But being a mind mapper, the last thing I really want from an ideas and notes dump is a long, linear list.  And that’s where TreeSheets comes in.  It has structure, it can express hierarchy and it has, to some extent, visual layout.  It can even store images.  Try that with Notepad++.

It is a kind of outliner in the sense that items are indented according to their level.  It’s a species of treemap in the sense that it displays a hierarchy as nested rectangles, making each level smaller to occupy a fixed space: It has notes inside notes down to… well I have no idea. I took it to 20 levels, it showed no sign of flagging but I got bored.  It has a touch of the spreadsheet because it starts as a plain, empty grid of cells, but then gets interesting.

TreeSheets overcomes the problem of deep nesting by continually reducing font size as the nested cells go deeper, all the way to 1 pixel (or less, for all I know).  Ridiculous, you think?  So did I, till I discovered that a simple swoosh of the mousewheel lets you zoom in and focus on a grid that, moments before, was all but invisible.

So now I have TreeSheets on all the PCs I use, and a link to my master sheet has replaced the link to the text file in the Quick Launch toolbars.

You’re probably wondering about the price.  Is Vic in on the affiliate selling schemes now then, with all this praise?  Is this going to link to one of those endless pages with yellow highlighting where you have to give your email address and pay $100 to get this exciting new product?

Well no actually, it’s free.  And Wouter doesn’t even ask for your email.

It’s still in development and there’s a new version every few days – just today I had an email from Wouter to say it can now print a sheet “with page setup, preview.. the works. Even does decent PDFs..”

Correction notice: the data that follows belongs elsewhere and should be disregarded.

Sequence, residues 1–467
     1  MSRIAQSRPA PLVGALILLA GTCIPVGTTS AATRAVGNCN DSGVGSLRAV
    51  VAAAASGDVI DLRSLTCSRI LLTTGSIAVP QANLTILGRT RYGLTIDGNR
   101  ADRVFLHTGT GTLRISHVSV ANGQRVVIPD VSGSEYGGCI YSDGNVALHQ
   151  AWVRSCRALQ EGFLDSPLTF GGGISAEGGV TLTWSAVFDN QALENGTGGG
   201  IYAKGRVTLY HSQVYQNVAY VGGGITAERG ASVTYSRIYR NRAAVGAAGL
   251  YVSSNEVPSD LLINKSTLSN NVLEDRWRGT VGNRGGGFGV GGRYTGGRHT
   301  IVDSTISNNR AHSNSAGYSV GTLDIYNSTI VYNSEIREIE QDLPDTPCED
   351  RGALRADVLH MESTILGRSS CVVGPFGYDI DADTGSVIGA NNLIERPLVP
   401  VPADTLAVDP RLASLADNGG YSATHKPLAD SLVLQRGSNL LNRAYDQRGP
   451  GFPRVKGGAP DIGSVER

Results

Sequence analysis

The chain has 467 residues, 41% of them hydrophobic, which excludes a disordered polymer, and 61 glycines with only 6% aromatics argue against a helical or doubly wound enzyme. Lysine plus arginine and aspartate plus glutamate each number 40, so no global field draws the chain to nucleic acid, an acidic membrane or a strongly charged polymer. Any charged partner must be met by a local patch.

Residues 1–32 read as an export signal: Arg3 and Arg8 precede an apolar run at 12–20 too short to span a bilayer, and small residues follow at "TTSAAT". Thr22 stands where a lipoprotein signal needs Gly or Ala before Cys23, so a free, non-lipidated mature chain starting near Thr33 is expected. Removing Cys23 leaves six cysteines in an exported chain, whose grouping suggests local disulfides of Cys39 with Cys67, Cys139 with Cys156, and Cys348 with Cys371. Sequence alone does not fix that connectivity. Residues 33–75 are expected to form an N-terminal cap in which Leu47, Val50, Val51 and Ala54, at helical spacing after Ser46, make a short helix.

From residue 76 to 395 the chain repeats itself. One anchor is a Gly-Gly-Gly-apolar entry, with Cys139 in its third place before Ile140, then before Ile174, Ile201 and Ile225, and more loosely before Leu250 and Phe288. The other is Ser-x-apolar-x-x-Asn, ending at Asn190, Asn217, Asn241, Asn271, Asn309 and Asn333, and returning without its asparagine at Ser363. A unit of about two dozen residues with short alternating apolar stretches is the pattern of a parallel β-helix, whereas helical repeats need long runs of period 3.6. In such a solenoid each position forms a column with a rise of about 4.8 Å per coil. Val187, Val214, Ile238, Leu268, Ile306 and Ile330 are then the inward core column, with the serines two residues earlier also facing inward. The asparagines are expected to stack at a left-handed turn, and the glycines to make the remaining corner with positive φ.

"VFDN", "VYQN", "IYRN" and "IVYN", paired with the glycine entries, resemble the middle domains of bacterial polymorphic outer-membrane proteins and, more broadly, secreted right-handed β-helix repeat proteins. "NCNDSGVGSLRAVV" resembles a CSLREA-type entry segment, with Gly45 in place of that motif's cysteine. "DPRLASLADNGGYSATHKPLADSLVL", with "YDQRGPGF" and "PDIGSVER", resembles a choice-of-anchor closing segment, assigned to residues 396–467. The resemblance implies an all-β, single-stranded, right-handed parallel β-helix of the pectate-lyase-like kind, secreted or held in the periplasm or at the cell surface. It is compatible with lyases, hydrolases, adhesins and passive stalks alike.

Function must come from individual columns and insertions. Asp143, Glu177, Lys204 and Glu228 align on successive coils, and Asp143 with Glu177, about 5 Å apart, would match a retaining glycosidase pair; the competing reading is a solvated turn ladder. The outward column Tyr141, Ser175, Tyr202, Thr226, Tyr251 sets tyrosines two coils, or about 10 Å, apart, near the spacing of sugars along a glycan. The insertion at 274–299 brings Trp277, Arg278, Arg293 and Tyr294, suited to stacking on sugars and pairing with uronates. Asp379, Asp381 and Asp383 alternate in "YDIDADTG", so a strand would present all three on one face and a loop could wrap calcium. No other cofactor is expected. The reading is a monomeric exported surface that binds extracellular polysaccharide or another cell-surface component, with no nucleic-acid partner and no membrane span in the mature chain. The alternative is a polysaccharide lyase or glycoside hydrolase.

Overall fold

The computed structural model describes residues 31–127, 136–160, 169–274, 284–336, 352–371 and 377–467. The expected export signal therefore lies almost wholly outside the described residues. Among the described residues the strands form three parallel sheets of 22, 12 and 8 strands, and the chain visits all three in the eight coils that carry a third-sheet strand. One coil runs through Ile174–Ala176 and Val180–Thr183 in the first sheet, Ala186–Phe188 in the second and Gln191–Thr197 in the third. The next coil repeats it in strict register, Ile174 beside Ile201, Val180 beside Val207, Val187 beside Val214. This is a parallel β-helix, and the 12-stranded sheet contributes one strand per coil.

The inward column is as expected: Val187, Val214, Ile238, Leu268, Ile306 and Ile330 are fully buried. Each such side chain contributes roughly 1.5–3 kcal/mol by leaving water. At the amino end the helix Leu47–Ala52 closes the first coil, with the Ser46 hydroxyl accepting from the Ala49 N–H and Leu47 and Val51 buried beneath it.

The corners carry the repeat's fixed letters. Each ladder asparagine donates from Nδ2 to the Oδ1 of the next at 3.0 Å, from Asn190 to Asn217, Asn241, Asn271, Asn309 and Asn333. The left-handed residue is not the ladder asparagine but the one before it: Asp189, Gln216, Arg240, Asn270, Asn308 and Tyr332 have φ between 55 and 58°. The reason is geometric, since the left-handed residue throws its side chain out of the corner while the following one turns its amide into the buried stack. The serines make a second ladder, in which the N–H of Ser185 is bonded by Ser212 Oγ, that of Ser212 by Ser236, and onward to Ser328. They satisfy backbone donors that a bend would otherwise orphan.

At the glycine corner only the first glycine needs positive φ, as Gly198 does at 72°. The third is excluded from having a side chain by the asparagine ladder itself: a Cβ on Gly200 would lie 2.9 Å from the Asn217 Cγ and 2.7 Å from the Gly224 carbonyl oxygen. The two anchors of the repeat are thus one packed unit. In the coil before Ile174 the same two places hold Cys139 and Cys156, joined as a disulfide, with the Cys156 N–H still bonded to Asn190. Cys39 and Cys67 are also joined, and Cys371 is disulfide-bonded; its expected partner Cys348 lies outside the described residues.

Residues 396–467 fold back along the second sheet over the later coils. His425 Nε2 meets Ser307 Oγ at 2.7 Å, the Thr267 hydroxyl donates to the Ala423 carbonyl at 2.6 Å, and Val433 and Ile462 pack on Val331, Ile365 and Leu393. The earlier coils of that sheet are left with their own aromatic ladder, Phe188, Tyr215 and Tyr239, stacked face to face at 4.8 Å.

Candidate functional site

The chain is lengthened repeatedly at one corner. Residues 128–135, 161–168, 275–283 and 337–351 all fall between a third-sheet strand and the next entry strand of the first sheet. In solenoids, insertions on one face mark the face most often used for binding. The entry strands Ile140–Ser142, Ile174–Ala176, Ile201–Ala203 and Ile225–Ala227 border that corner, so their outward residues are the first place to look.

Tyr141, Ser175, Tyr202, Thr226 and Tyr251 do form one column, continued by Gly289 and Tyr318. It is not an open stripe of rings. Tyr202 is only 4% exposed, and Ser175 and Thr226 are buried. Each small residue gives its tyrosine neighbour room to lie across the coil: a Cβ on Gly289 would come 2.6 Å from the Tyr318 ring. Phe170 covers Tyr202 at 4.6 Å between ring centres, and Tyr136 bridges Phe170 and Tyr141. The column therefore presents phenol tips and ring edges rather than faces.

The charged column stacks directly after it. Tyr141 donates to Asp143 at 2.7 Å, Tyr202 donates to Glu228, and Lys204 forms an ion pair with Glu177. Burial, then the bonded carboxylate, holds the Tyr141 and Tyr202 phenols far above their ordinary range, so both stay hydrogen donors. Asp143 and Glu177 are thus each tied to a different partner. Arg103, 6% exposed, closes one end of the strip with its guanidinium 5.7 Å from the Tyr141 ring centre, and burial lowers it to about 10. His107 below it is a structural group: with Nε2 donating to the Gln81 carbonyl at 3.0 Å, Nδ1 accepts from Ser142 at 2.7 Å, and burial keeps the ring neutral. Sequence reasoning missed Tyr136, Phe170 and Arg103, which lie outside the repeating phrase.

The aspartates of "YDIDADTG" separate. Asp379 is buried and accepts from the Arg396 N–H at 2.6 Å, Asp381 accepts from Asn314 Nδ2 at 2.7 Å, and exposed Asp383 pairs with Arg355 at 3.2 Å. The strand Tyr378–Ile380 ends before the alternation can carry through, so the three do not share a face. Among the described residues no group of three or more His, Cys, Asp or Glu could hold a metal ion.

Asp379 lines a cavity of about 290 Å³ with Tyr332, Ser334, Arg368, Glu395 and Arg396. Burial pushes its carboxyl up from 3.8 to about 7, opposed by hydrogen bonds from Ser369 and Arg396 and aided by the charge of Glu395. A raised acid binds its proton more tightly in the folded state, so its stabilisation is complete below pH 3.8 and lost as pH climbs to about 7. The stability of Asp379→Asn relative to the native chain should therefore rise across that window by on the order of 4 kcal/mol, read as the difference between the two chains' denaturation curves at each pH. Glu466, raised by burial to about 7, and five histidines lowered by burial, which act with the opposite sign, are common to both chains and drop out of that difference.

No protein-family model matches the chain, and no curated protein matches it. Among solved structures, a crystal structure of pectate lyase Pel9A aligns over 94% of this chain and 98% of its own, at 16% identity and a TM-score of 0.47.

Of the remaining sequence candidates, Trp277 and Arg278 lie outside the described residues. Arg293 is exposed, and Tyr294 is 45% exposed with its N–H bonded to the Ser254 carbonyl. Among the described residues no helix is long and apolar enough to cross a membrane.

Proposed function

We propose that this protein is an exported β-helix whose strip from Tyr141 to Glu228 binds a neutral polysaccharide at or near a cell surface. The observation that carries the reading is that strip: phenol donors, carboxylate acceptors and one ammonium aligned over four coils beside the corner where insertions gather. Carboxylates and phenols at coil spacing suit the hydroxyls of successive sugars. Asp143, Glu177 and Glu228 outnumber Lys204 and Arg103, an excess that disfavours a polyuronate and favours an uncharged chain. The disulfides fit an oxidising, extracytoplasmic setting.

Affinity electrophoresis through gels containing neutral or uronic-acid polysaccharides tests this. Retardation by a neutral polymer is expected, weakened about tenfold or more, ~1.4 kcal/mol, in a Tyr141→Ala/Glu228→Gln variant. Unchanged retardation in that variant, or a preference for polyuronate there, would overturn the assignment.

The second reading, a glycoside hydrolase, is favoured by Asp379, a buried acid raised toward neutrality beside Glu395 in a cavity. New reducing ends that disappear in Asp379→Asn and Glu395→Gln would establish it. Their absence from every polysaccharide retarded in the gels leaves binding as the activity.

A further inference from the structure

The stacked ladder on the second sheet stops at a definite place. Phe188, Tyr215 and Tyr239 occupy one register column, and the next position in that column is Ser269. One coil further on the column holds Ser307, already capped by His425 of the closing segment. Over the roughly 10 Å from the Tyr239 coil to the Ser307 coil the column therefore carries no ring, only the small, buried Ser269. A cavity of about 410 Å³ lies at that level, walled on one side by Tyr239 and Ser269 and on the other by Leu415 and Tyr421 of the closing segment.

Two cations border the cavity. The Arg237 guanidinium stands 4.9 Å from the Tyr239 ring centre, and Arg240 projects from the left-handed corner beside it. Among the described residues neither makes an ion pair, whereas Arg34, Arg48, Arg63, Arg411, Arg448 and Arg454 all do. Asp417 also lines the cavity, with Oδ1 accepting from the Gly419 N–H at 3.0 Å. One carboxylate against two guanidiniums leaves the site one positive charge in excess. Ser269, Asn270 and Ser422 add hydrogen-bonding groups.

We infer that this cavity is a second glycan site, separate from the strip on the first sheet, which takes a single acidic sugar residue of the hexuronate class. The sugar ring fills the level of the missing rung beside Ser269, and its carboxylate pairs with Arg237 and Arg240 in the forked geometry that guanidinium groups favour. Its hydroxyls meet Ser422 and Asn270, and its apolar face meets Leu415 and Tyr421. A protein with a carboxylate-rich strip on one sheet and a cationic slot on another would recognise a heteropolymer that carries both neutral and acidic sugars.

I hope you like it as much as I do.

The master list of mind mapping &
information management software


The initiative on mind & concept mapping software interoperability

It’s here at last!  The first publication of‘s information for mindmappers who want to interchange information between one mind mapping software package and another.

After several months of (spare-time) work I’ve finished putting all the information I’ve been ferreting out and begging for into a usable form, and in one place.



The hardest part was deciding how to present it.  What I decided on was to show what can talk to the two most widespread packages, FreeMind and MindManager, as the strongest part of the visualization.  I did something similar with the web-based software import / export picture, but this new one has additional information buttons that lead you separate pages all about the specific packages.  contentpage.jpg


Also included is interchange information about software that doesn’t talk to the two top packages, with downloadable files in some cases and links to authoritative information in all cases.  These are the separated boxes out on the right.  All have some useful interchange information available, and that (plus letting me know about it) is the only qualification for a mindmapping or concept mapping package to appear on this list.